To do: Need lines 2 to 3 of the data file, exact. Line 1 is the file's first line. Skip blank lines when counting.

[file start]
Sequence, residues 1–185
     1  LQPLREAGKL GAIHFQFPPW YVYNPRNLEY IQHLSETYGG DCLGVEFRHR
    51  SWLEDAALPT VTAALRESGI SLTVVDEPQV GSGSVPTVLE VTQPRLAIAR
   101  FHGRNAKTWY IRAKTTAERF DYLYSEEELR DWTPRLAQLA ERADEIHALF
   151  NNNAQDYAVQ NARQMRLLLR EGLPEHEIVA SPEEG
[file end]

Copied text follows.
     1  LQPLREAGKL GAIHFQFPPW YVYNPRNLEY IQHLSETYGG DCLGVEFRHR
    51  SWLEDAALPT VTAALRESGI SLTVVDEPQV GSGSVPTVLE VTQPRLAIAR